In my old job, I worked for the boss.
Wait, let me back up. Of course I worked for my boss.
But my boss was the one who had the final say, the one that everyone else had to bend around. THE BOSS.
And I knew that my boss backed me up 100%. Within reason, of course, but my boss wouldn’t throw me under the bus.
With this convenient arrangement, I could throw myself into the fray of academic politics without much regard for my safety. I had no political designs myself (although my boss may have), and merely had to position myself and my projects in such a way that I could get the rest of my faculty stakeholders on board.
I didn’t have to worry about myself.
In this new job, though, I don’t work for the boss anymore.
My boss is just another face in a long line of middle managers (they don’t call them that in my industry, but that’s what they are).
Maybe he has the ear of certain people, but those people can make whatever decisions they want.
Those people don’t have my back. It remains to be seen if my own boss has my back.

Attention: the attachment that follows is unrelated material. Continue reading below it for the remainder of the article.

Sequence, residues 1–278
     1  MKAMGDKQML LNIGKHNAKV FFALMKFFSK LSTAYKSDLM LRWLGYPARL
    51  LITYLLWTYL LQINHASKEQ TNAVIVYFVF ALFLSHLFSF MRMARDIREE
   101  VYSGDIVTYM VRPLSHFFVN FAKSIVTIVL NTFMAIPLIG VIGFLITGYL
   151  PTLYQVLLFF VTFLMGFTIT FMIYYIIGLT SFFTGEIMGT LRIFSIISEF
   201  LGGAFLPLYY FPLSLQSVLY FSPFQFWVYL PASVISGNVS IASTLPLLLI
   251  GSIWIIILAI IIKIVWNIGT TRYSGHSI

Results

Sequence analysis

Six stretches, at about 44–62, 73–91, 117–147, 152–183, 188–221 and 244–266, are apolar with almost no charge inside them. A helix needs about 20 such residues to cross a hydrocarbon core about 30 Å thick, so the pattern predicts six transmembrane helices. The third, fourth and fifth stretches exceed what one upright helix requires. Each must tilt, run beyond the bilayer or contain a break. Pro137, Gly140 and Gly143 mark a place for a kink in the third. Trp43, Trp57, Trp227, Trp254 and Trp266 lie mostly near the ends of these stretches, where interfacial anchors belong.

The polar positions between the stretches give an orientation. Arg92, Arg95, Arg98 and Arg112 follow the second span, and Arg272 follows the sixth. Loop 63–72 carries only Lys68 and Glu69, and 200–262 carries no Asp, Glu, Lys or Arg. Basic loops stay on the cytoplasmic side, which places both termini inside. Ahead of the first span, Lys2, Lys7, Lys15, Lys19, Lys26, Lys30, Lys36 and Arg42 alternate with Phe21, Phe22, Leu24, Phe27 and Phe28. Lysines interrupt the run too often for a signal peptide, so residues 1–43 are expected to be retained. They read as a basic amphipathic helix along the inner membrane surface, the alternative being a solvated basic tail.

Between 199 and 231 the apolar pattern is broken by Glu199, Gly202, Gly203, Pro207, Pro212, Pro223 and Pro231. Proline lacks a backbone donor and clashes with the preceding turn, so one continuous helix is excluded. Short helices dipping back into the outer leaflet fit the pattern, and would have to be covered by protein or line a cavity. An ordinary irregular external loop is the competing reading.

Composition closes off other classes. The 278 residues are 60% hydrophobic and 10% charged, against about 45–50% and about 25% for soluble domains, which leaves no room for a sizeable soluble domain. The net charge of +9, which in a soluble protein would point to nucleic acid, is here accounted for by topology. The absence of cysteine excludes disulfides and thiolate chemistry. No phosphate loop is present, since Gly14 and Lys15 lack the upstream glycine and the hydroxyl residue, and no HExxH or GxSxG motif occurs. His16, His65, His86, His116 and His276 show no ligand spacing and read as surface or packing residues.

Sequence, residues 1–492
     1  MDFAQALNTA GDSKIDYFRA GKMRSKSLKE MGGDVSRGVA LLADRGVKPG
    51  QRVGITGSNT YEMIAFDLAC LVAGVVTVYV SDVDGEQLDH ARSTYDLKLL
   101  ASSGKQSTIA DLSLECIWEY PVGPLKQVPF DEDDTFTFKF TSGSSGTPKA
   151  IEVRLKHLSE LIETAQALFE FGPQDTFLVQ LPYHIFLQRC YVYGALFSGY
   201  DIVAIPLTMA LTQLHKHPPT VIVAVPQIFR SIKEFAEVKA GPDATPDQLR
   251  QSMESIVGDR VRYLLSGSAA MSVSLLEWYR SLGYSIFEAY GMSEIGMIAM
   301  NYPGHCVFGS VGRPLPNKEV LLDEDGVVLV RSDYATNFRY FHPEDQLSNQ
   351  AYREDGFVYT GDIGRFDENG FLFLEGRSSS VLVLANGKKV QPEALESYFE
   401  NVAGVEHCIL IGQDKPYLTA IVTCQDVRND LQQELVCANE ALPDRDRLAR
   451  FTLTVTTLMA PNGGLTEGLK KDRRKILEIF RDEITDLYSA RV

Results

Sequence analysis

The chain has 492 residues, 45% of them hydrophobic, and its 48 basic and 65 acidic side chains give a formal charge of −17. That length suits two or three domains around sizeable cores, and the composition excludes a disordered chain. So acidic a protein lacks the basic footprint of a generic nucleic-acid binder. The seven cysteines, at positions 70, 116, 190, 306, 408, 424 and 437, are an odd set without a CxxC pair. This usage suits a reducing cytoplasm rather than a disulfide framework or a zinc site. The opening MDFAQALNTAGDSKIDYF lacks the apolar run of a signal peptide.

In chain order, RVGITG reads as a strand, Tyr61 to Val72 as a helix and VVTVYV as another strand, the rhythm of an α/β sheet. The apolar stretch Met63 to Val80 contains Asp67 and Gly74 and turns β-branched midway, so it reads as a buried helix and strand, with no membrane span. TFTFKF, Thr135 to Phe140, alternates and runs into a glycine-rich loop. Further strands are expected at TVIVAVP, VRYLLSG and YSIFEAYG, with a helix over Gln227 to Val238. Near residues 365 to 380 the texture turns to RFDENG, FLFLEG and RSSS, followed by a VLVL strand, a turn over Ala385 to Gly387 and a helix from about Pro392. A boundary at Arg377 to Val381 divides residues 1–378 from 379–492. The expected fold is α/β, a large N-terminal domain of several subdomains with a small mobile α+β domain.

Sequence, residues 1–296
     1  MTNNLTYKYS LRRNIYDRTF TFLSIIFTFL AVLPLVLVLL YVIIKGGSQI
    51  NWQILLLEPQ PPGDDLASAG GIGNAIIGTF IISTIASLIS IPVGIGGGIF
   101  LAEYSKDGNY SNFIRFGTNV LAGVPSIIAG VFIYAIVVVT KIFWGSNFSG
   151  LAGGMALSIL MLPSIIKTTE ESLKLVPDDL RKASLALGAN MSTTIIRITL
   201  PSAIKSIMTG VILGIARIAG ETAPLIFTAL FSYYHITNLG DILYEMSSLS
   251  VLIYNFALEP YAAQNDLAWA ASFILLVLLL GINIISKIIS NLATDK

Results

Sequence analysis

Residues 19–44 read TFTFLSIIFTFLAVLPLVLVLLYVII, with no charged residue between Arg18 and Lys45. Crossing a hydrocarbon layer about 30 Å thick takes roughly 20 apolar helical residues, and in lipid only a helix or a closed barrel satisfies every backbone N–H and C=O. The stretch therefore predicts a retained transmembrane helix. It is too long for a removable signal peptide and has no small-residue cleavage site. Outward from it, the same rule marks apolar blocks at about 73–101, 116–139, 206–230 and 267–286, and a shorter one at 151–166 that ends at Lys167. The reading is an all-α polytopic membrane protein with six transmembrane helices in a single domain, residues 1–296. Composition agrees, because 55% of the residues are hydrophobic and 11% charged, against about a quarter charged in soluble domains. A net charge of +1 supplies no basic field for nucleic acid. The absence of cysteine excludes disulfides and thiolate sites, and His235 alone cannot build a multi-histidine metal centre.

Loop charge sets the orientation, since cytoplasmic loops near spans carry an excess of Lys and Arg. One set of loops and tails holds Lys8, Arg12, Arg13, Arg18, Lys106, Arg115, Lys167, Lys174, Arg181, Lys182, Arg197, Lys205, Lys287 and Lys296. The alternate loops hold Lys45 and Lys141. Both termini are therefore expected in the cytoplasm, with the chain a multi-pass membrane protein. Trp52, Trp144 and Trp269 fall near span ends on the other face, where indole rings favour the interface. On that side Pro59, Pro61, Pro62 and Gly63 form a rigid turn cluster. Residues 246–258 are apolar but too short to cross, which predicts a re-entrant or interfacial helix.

(I’m not going to count on it.)
As I settle into this position and start to take on more responsibility–and talk to new people–it’s becoming clear that the political landscape is a bit more vicious. The pieces are out on the board, and they’ve already drawn blood. (Bit of a mixed metaphor, but it works to describe the slow-moving bloodsport that is academic politics.)
This time, I can’t enjoy my protected little vantage point and focus on getting things done..
This time, I have to play for myself.
The reality of this situation finally hit home this afternoon. I’m no longer a politically neutral entity that operates more or less in tandem with my boss-like entity.
If I am going to be effective, it is imperative that I acquire a reputation and political capital (is that what they’re calling it these days?) on my own. It must be as separate from my boss as I can make it.
Which will be a challenge, since he’s a micromanager.
I now have skin in the game.